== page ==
Freebies for Manhattan and Brooklyn renters may have maxed out

By Jennifer White Karp  |
February 14, 2019 - 9:00AM

While close to half of all new leases still come with some kind of concession, market share of Manhattan landlord concessions in January declined year over year, after 43 consecutive months of increases


If you’re a renter signing a new lease now and you don’t get some kind of concession, you can blame it on the buyers who are camping out in the rental market.

While close to half of all new leases still come with some kind of concession, market share of Manhattan landlord concessions in January declined year over year, after 43 consecutive months of increases, to 44.5 percent, down from 49.3 percent, according to the latest Elliman Report for Manhattan, Brooklyn, and Queens rentals. 

“The underlying driver is the sales market slowdown,” says Jonathan Miller, president of real estate appraisal firm Miller Samuel and the author of the report. Buyers are spooked by changes in the tax code and are putting purchases on hold, choosing to rent instead. That disruption, coupled with an influx of high-end inventory, is sending rents higher in Manhattan and Brooklyn, and could signal that concessions may be peaking in those boroughs.

Miller cautions that “one data point doesn’t make a trend” and that “there’s been tremendous consistency” in the increase of leases with concessions, which are typically a month or two of free rent, or involve the owner paying the broker’s fee.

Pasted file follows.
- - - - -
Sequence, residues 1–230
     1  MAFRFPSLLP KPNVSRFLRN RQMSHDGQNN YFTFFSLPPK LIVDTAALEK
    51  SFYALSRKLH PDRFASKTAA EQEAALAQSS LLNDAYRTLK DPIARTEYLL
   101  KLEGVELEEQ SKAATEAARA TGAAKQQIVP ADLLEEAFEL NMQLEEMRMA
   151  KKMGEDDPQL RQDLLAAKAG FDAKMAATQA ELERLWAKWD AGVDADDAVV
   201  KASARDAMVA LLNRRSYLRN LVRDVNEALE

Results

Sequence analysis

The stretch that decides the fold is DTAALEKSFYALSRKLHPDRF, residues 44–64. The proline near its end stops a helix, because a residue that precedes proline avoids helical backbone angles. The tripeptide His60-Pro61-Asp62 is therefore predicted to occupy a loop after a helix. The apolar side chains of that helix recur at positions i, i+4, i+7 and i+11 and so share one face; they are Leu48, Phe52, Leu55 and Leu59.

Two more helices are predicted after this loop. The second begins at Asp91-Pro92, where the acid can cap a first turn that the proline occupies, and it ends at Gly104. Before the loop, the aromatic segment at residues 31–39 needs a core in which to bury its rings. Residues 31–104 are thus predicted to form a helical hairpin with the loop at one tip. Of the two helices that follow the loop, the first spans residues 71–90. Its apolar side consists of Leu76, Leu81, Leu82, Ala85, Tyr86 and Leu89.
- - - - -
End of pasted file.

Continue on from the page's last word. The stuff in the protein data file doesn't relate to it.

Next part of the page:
“The trend could continue but it’s too early to tell,” Miller says.

In Manhattan, the median rental price rose 4.6 percent year over year to $3,425. The vacancy rate fell to a very tight 1.65 percent, and the number of new leases declined 7.9 percent.

A decline in new leases actually signals stability in the rental market. And new leases fell much more dramatically in December for Manhattan: 38.5 percent.

“When I see a decline in new leases, it means rising renewals,” Miller says. Tenants are choosing to stay in place—for a variety of reasons, including the high cost of moving. What’s hidden in these numbers are the new rents—it's impossible to tell whether tenants are renewing at the same rent, or rents that are higher or possibly lower. 

So owners are the winners here. “Landlords are successful in retaining tenants, they are the direct beneficiaries of cooling sales market,” Miller says.

In Brooklyn, the market share of landlord concessions declined marginally year over year, after 35 consecutive months of increases to 47 percent, down from 47.5 percent. Median rent rose 3 percent to $2,832. The number of new leases rose 5.5 percent

Queens is seeing a rise in new development, which is pushing up rents. However, the percentage of new leases with concessions increased for the fifth consecutive month, to 58 percent from 50.8 percent, and the number of new leases increased for the seventh consecutive month. 

Median rent increased 6.2 percent to $2,815. The number of new leases was up 4.6 percent and inventory declined 19.6 percent.



Jennifer White Karp

Managing Editor

Jennifer steers Brick Underground’s editorial coverage of New York City residential real estate and writes articles on market trends and strategies for buyers, sellers, and renters. Jennifer’s 15-year career in New York City real estate journalism includes stints as a writer and editor at The Real Deal and its spinoff publication, Luxury Listings NYC.

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